When I went to jail. I was 17, and I had my son when I was locked up. That really got me focuesd. My goal was to get hot in the streets, get show money, and collect the show money. I didn’t see the bigger picture until now. Now I want to get hot and sell albums. Be a touring artist. My goal right now is to be a better artist/performer. I didn’t see myself becoming like this.

There was an interview on CNN last week with T.I. and Kap G with Don Lemon. Lemon asked why they made a song called “F*ck The Police.” Do you feel that Hip-Hop has a responsibility to ease some of that tension between citizens and law-enforcement?

It’s a product of the environment. I’m angry at the police. Another person probably ain’t, it’s just a mixture of feelings. But a lot of people go about it different. I agree with T.I. this era is totally “f*ck the police.” Just with this interview right now, you cant judge me when I say “f*ck the police” when they’re actually out here killing innocent people. So I’m definitely not mad at T.I or Kap.

Is that a mentality you’ve always had? Having a tentative nature when you approach people in law enforcement? Or do you feel it built in you over time?

It just built in overtime, at first it wasn’t really like that. Now you’re killing people on camera and going free. That really builds anger inside, and that’s why a lot of people are out their rioting.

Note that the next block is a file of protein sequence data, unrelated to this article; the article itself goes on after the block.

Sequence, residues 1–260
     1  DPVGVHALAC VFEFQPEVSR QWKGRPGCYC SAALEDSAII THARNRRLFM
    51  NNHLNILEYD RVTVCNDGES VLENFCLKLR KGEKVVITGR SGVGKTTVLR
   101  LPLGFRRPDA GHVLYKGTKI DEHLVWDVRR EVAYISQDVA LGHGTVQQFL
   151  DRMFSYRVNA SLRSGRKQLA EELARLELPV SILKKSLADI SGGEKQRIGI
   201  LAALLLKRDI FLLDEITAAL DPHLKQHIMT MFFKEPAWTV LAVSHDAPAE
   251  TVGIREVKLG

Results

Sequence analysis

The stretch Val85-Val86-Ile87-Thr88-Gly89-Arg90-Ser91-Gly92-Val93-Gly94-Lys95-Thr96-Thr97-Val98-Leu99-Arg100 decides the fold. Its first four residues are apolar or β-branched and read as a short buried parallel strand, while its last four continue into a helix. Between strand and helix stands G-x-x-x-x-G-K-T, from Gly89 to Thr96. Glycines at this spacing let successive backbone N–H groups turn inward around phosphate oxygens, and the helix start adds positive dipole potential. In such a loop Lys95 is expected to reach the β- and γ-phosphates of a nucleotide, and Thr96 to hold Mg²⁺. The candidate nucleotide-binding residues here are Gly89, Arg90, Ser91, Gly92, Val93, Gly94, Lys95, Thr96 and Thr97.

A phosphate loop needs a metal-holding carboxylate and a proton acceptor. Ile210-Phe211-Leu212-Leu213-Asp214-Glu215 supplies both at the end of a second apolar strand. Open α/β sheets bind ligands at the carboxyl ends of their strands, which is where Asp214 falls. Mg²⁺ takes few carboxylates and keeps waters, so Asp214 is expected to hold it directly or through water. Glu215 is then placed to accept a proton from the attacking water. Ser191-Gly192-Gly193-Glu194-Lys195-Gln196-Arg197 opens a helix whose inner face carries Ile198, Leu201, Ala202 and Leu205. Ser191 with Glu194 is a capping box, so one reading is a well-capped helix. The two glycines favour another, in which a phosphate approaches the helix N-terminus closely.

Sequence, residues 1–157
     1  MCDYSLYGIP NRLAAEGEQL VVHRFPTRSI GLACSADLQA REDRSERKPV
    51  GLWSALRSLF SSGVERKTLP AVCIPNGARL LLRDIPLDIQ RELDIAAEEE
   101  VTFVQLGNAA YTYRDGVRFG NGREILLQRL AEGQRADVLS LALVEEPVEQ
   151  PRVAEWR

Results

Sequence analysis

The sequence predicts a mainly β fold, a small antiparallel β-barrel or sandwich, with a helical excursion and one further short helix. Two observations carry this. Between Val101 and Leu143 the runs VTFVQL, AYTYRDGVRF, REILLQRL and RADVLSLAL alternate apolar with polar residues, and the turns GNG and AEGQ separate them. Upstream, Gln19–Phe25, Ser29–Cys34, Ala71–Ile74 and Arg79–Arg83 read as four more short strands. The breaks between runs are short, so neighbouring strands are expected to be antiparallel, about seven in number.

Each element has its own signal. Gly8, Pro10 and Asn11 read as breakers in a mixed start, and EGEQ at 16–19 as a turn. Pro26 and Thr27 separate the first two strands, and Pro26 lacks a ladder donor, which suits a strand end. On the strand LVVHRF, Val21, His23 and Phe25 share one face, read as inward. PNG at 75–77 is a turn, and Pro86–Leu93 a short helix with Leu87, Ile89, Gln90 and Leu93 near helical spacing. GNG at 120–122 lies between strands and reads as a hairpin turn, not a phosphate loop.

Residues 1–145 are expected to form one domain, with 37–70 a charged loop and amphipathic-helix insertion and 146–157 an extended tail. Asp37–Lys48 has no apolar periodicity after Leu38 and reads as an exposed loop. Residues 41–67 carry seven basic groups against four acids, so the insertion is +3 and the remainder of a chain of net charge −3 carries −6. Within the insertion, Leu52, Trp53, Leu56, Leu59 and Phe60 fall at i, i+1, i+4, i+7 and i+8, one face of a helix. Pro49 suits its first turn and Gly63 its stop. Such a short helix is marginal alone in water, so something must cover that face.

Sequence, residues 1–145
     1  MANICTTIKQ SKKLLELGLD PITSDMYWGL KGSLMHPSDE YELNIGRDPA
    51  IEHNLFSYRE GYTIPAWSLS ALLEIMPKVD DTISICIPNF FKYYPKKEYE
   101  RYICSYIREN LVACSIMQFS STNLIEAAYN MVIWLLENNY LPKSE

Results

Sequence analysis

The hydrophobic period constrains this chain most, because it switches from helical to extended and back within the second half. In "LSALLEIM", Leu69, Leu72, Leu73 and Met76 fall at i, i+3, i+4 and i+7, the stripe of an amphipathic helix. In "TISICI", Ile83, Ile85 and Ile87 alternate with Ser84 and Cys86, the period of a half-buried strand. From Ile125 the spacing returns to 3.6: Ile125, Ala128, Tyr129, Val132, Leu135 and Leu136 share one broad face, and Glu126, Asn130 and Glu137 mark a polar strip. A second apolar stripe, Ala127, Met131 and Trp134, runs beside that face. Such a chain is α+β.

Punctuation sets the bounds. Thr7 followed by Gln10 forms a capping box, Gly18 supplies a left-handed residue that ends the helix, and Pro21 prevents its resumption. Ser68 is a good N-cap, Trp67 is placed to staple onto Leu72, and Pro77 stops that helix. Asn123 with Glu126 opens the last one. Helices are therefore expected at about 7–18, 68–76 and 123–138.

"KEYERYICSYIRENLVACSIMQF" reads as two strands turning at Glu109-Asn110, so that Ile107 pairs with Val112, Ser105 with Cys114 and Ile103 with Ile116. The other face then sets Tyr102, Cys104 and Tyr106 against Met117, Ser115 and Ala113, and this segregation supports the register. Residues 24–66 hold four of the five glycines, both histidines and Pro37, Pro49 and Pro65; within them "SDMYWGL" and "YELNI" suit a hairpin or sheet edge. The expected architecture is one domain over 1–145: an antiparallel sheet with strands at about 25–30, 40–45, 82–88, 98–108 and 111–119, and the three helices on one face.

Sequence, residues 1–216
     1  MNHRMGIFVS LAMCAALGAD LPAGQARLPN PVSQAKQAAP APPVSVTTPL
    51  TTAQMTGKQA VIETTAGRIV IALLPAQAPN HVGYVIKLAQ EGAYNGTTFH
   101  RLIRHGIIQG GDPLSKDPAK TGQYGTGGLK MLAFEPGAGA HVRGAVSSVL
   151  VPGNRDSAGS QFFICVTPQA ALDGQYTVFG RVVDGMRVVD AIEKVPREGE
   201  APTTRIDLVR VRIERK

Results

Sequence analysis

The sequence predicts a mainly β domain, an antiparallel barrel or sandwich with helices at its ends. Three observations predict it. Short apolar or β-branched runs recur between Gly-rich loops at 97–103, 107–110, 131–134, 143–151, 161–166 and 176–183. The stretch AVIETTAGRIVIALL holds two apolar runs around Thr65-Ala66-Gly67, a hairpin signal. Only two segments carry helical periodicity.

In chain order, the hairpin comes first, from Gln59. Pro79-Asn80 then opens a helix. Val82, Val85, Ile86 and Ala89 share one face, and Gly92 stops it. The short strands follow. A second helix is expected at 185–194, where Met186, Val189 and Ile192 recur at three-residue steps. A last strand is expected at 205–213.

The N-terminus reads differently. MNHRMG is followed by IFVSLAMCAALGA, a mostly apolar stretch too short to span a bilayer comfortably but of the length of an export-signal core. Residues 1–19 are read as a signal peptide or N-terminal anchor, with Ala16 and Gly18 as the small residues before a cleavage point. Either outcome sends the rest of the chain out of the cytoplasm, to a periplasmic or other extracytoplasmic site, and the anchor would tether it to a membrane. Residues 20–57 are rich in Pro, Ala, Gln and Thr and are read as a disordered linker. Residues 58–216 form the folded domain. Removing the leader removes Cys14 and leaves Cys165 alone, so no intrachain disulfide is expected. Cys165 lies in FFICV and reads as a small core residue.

Lets go back to the music real quick. I listened to your mixtapes and they’re all different in their own right, but one thing that’s consistent in your catalog is your story telling. You paint very vivid pictures, you’re very accurate on how you set a scene. I remember the intro to Signed To The Streets 2. I listened to it over and over, it was such a harrowing tale of where you were and what you were seeing around you. How much of that do we get on this album?

The song with Logic is a party song. It’s a feel good party song for everybody just like the song we have for Jeremiah, it’s for the ladies. You have to make a song for the ladies. But there’s still a lot of that, what you mentioned. One of my verses on the song “What Your Life Like,” I say on a verse “the murder started after the L’s/now my phone got shit to tell, take it wrong/they got it after ‘Dis Ain’t What You Want'”. I like to keep it real and paint the picture of and show them what it really is.

Are you ever worried that people will get the wrong message from your music? I derive a clear message from a lot of your songs, but that’s me. I’m someone that studies and listens, but to the casual ear, one might say you’re promoting violence. What’s your response to that?

I’m keeping it real with what’s going on today. Just like the T.I situation, it’s going on today. I’m going to talk about whats going on today. Even if I start rapping about God right now, ‘oh, he’s a hypocrite.’ You cant make everybody happy. Whatever you focus on, focus on, and you have to go hard with it, because there’s always going to be something said about it. I’m not saying “go kill somebody,” but, as you’ll hear in the music, I’ve seen a lot of people get killed. It’s a difference between what I’ve seen, and what I do.